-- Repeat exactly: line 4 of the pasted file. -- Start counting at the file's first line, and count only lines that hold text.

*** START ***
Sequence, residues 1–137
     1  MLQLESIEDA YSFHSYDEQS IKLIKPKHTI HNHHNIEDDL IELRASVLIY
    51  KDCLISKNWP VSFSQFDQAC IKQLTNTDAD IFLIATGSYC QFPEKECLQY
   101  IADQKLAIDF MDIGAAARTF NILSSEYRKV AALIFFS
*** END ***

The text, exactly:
   101  IADQKLAIDF MDIGAAARTF NILSSEYRKV AALIFFS